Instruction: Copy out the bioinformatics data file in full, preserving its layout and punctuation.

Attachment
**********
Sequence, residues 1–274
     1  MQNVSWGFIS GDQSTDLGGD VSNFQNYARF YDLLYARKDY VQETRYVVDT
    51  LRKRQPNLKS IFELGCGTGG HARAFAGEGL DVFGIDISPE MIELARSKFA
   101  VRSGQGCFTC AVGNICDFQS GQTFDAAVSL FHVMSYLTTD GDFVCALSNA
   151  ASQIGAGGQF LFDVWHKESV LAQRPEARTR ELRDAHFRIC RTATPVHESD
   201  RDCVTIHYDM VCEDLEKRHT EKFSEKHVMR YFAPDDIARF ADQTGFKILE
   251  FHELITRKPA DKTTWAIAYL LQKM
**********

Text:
Sequence, residues 1–274
     1  MQNVSWGFIS GDQSTDLGGD VSNFQNYARF YDLLYARKDY VQETRYVVDT
    51  LRKRQPNLKS IFELGCGTGG HARAFAGEGL DVFGIDISPE MIELARSKFA
   101  VRSGQGCFTC AVGNICDFQS GQTFDAAVSL FHVMSYLTTD GDFVCALSNA
   151  ASQIGAGGQF LFDVWHKESV LAQRPEARTR ELRDAHFRIC RTATPVHESD
   201  RDCVTIHYDM VCEDLEKRHT EKFSEKHVMR YFAPDDIARF ADQTGFKILE
   251  FHELITRKPA DKTTWAIAYL LQKM